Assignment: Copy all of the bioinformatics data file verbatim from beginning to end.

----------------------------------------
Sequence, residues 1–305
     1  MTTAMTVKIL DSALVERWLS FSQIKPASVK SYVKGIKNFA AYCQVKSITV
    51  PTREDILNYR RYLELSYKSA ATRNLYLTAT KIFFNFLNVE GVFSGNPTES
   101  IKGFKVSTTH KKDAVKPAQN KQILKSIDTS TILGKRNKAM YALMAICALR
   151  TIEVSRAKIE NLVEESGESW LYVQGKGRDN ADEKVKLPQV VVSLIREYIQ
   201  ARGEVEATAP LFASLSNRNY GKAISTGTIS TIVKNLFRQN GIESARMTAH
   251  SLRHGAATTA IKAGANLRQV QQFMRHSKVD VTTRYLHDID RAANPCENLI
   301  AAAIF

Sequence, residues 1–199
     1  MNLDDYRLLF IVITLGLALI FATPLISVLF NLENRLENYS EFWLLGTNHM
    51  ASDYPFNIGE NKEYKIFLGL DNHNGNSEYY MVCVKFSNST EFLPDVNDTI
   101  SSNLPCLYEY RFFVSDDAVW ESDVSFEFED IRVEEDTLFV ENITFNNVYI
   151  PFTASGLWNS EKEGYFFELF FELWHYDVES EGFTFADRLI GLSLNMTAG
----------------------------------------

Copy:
Sequence, residues 1–305
     1  MTTAMTVKIL DSALVERWLS FSQIKPASVK SYVKGIKNFA AYCQVKSITV
    51  PTREDILNYR RYLELSYKSA ATRNLYLTAT KIFFNFLNVE GVFSGNPTES
   101  IKGFKVSTTH KKDAVKPAQN KQILKSIDTS TILGKRNKAM YALMAICALR
   151  TIEVSRAKIE NLVEESGESW LYVQGKGRDN ADEKVKLPQV VVSLIREYIQ
   201  ARGEVEATAP LFASLSNRNY GKAISTGTIS TIVKNLFRQN GIESARMTAH
   251  SLRHGAATTA IKAGANLRQV QQFMRHSKVD VTTRYLHDID RAANPCENLI
   301  AAAIF

Sequence, residues 1–199
     1  MNLDDYRLLF IVITLGLALI FATPLISVLF NLENRLENYS EFWLLGTNHM
    51  ASDYPFNIGE NKEYKIFLGL DNHNGNSEYY MVCVKFSNST EFLPDVNDTI
   101  SSNLPCLYEY RFFVSDDAVW ESDVSFEFED IRVEEDTLFV ENITFNNVYI
   151  PFTASGLWNS EKEGYFFELF FELWHYDVES EGFTFADRLI GLSLNMTAG